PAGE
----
Another gray day here in Japan, but if the weather forecast is to be believed, tomorrow should be much nicer. I roll out of bed and shuffle my way upstairs where Megumi-san has prepared for me a nice breakfast. Today: Tuna, quiche, strawberries, and an onigiri for the road.
Still haven’t fully adjusted to fish as a breakfast food, but the cognitive dissonance doesn’t keep me from enjoying the home cooked meal. Megumi and I talk for a bit in English and Japanese before I’m done eating and ready to begin exploring Osaka proper.
After hopping by the local Starbucks for a hot coffee, I head on down to the Subway to make my way into Osaka. It’s about an hour’s journey from the outskirts where Megumi lives to the “DenDen” district of Osaka. Politely translated as the “electronics district” it’s really a nerdy, weeby, mecca for fans of Japanese popular culture.
From the outside, many of the storefront are plain and unassuming, but inside I often find 6 or more stories of shopping to be had, everything from model kits (giant robots, historical military, racecars, trains, planes, etc), video games, comics, character figurines, ad even an “adult novelty” section on the top floor of most places. There’s plenty to see as I wander through the shops, wishing I had more space in my luggage to fit a model ship kit; Seeing some of the professional displays (where pictures were forbidden) was really inspiring. It looks like it would be a fun and relaxing hobby.
One thing that I found both incredibly amusing and a bit out of place was there were several “tactical” shops where you can buy replica firearms or all shapes and sizes. They’re very close to looking like the real thing, and they’re commanding real gun prices too. But it’s something I’d expect to see at my local gun shop in Texas, not here in the anime-district of Osaka.
Real guns are illegal in Japan, of course, but realistic replicas like these seem to be no problem at all. If it’s all the same to you, Japan, I’ll spend $1000 on something functional, but props to you for trying.
After a few hours of window shopping, I leave DenDen Town with a small keychain as a souvenir and head towards the “Namba” district.
Lots of little hole-in-the-wall shops; Almost like a Japanese china-town and I hear a lot of Chinese being spoken on top of the Japanese and English from tourists. The weather isn’t fantastic, and I need something hot and rich to lift my spirits. I’ve already tried the local delicacies, how about a burger?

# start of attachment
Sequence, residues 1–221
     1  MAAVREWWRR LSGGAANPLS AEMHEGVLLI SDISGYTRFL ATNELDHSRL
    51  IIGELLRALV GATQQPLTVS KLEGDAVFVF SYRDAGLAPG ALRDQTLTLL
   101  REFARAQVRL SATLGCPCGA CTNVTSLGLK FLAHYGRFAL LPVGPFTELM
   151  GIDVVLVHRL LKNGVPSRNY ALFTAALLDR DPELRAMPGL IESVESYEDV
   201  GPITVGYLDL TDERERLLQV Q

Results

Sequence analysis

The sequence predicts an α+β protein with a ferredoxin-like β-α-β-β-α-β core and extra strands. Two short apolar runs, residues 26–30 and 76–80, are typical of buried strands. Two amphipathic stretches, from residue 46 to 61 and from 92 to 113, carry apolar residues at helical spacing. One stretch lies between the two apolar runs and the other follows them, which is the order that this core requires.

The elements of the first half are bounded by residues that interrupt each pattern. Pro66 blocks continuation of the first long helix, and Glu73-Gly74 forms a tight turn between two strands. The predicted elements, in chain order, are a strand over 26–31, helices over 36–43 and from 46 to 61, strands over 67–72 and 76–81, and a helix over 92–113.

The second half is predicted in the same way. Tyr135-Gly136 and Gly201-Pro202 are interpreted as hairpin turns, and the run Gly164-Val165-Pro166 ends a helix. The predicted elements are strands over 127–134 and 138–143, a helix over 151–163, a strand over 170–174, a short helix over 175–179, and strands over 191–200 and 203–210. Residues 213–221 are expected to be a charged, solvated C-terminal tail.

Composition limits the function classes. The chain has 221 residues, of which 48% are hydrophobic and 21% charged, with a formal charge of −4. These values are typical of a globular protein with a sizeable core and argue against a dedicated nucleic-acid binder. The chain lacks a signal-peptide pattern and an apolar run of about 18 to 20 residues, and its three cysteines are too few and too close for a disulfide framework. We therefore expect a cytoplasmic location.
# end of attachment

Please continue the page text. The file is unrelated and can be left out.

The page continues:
It’s a tiny storefront, seating for maybe a dozen people in all, and I sneak in to the last remaining table and get myself the craziest burger I see on the menu: A tempura-shrimp, beef, and egg burger, and a nice beer to wash it down with.
I hear english from the couple sitting next to me and strike up a conversation. Christopher and Mizuho! Chris is an american expat living in Osaka now, just got a job working as a programmer. According to him, Japan is really lagging in the software world because all the newest programming languages aren’t translated to Japanese very quickly, leaving their home-grown programmers a few years behind the cutting edge. Mizuho also speaks english quite well, no doubt due to being married to a native speaker and the fact she studied overseas at the University of Utah.
We have a lovely meal together, share stories, and connect on facebook. A fine way to spend the early afternoon. I wish them both all the best.
I end up wandering my way through town to what I expect will be some good places to visit, a giant buddhist shrine and the Osaka Museum of History. Unfortunately, I find the museum is closed today for reasons I don’t understand, and the temple as well! Still I’m able to snap some pictures from the outside.
Near the history museum sits Osaka castle, another reconstructed fortification much larger than the one in Okayama. The cherry blossoms are still in bloom around the grounds, and I bet in the sunlight it would look even more majestic.
There’s also a pair of time capsules buried here, nuclear vault style. One to be opened every hundred years, one to be opened by the people of 6970. Sheesh, I can even imagine what human civilization would look like that far into the future. Things have changed so much just in the last 200 years.
To end the day I work my way back to one of the main train stations where there is a big pokemon gift store hiding somewhere. A friend back in the states asked me to pick up a souvenir, so I go wandering in search of it. It takes me a while to find: It’s buried up on the 13th floor of this shopping complex! But my mission ultimately successful I shuffle my tired feet back to the subway for the crowded trip home.
The weather should finally get a bit more sunny tomorrow, which I’m eager to see since Kyoto and other historic cities are next on the list!
Until next time, cheers everyone.